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Suppose we have a moving object (a horizontal projectile motion as one of the most basic examples). Is there any way to predict where it will hit finally? Please note that I'm looking for a machine learning method not a closed form solution.

Although we can track the motion, using Kalman filter, That is only applicable when we want to predict the new future(As far as I'm considered). But I need to predict the ultimate goal of a moving object.

To better express the problem let see the following example:

Suppose a goalkeeper robot that of course uses filtering methods to smooth the ball motion. It needs to predict if the ball is going to enter the goal or not, before it decide to catch the ball or neglect it to go out.

Input data is a time series of location and velocity [x,y,z,v].

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  • $\begingroup$ Could you describe a bit more the data that is to be worked with? How much data and what kind (temporal resolution, accuracy/precision, etc). $\endgroup$ – Damjan Dakic Jul 9 '14 at 19:02
  • $\begingroup$ Hi, Thanks for your comment. The Input data is a time series of location and velocity [x,y,z,v]. $\endgroup$ – a.toraby Jul 10 '14 at 8:34
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Unless you are talking about something higher-order (like learning the behavior of an autonomous agent and predicting how it will move in the future), what you are looking for is to create a simple physics simulator.

It will be closed-form, unless you are asking how to build a system that can "learn" the laws of physics.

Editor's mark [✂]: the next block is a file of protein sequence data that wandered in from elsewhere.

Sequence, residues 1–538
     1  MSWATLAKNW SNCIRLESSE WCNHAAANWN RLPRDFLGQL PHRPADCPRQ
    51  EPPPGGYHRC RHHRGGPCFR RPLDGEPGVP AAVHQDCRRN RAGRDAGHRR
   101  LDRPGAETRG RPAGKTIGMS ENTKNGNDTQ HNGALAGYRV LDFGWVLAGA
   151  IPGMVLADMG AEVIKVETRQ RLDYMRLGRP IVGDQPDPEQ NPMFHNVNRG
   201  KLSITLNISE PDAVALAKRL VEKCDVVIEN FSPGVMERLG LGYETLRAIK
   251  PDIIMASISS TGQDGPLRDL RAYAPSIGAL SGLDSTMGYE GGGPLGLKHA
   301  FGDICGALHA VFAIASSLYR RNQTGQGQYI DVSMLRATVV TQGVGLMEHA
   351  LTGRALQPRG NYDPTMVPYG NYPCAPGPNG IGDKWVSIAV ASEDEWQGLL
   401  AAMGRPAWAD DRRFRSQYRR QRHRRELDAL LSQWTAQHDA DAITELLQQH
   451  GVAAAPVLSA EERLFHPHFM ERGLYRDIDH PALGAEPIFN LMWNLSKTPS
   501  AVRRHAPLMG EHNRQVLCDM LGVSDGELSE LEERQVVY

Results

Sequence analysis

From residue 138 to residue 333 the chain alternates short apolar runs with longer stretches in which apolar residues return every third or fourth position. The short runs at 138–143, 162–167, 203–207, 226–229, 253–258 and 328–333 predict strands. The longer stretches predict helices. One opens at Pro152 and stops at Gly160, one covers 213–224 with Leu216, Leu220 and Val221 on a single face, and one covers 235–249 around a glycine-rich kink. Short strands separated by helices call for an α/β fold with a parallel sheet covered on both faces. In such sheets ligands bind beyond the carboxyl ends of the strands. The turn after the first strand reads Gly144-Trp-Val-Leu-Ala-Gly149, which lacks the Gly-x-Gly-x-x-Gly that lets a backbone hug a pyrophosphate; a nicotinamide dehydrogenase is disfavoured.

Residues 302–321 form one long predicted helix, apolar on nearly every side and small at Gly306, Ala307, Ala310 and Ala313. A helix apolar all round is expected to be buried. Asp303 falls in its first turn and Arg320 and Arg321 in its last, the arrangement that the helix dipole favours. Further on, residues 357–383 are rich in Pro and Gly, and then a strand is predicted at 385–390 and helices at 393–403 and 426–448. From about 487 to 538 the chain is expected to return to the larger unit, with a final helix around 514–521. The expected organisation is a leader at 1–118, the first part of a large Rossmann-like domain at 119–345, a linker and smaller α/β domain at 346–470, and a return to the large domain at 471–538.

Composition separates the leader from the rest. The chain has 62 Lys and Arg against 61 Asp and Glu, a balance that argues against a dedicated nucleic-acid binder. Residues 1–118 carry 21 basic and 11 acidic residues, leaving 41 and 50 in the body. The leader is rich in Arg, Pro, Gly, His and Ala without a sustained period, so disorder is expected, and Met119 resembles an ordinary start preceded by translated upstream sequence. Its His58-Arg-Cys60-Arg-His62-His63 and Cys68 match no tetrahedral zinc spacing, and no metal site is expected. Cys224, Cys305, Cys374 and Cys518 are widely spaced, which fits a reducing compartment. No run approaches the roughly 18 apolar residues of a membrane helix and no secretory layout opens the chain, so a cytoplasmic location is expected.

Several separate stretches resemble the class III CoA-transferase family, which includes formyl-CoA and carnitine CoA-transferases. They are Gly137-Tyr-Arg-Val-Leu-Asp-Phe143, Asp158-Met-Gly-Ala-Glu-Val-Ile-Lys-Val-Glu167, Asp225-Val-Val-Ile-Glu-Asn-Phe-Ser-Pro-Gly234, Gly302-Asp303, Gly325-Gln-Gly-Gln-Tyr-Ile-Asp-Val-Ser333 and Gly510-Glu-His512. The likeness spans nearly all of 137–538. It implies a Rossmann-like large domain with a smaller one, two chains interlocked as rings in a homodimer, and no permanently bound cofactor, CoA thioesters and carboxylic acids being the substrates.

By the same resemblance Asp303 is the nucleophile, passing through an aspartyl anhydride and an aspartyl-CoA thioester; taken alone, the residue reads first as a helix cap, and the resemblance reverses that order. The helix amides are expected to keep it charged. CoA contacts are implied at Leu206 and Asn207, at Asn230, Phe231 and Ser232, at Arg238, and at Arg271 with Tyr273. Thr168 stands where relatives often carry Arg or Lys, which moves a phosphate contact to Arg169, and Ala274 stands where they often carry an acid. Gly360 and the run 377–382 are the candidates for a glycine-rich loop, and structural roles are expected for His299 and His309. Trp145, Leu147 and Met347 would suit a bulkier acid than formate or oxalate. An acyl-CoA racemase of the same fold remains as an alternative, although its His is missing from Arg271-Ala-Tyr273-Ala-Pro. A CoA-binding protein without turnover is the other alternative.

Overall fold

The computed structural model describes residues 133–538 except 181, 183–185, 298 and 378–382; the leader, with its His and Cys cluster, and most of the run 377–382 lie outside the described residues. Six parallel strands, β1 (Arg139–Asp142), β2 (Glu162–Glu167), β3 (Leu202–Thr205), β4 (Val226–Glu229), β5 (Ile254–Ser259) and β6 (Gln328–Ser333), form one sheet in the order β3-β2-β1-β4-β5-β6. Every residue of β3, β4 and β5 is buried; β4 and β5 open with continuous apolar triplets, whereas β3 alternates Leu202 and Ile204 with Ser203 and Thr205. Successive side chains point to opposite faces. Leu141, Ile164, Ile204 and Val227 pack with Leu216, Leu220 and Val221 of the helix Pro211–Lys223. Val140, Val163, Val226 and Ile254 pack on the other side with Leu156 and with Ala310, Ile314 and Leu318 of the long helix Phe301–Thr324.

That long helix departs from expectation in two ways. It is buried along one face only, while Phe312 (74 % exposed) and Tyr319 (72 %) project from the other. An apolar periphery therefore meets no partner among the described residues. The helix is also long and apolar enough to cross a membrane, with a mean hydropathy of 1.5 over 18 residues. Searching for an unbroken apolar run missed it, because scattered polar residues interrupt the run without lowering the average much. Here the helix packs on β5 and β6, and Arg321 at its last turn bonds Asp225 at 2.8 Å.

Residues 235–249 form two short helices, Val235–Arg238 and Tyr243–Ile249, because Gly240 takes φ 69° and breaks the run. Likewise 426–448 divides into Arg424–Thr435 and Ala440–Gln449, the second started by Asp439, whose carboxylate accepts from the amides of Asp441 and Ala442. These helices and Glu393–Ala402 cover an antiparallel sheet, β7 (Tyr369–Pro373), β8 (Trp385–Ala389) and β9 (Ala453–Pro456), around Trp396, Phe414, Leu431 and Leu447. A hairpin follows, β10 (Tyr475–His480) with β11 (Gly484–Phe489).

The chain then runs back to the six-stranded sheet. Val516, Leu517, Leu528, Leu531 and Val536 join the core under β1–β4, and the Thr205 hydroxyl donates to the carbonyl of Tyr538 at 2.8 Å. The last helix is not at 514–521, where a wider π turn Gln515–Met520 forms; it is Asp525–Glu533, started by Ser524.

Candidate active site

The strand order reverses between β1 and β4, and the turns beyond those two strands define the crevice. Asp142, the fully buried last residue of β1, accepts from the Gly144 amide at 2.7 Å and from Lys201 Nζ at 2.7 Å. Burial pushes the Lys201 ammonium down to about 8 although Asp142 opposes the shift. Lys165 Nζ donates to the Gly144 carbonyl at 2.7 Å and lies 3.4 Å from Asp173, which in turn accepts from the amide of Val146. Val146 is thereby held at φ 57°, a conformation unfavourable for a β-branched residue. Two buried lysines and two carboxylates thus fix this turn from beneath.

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  • $\begingroup$ Hi thank you for your answer. It seems reasonable, But what about a real goalkeeper? Do you think he knows about the laws of physics? I don't think so! I think it would be possible to approach this problem with a machine learning method. $\endgroup$ – a.toraby Jul 12 '14 at 14:36
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    $\begingroup$ @a.toraby, while it certain is possible to approach the problem with a machine learning method, you need to first think if that's at all a good idea. Do you have chained full-adders in your brain to sum two numbers? I don't think so! But that doesn't mean you should use machine learning to train an ALU to do summation! The goal keeper doesn't have the ability to do precise physical calculations. If he could, then he would most likely be a much better goal keeper. $\endgroup$ – Shahbaz Jul 15 '14 at 8:04
  • $\begingroup$ Here's a good explanation of when to use physics-based models and when to use learning: spectrum.ieee.org/automaton/robotics/robotics-hardware/… $\endgroup$ – Ian Jul 16 '14 at 15:43
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Ball catching - which I believe should cover your intention - has been investigated a fair bit in robotics. There is some nice work on this from Udo Frese, which has been demonstrated on DLR's two arm humanoid Justin. They use a multi hypothesis filter to track the ball, and predict the landing [1].

Using the laws of physics will make it easier for you, and you should get a good enough accuracy. I would start out with something that is already working. Using a learning approach you could definitely enhance on the result. You could for example use the difference of your initial prediction with the final result as a signal for a reinforcement learning approach.

[1] Birbach, Oliver, Udo Frese, and B. Bauml. "Realtime perception for catching a flying ball with a mobile humanoid." Robotics and Automation (ICRA), 2011 IEEE International Conference on. IEEE, 2011.

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  • $\begingroup$ Thank you. I read the paper and it was full of useful information, though The ball catching is not the main question, and I mentioned it just as an example of application. You know, the question is somehow more general and the moving object can have different dynamics than a simple falling ball. $\endgroup$ – a.toraby Jul 15 '14 at 13:57

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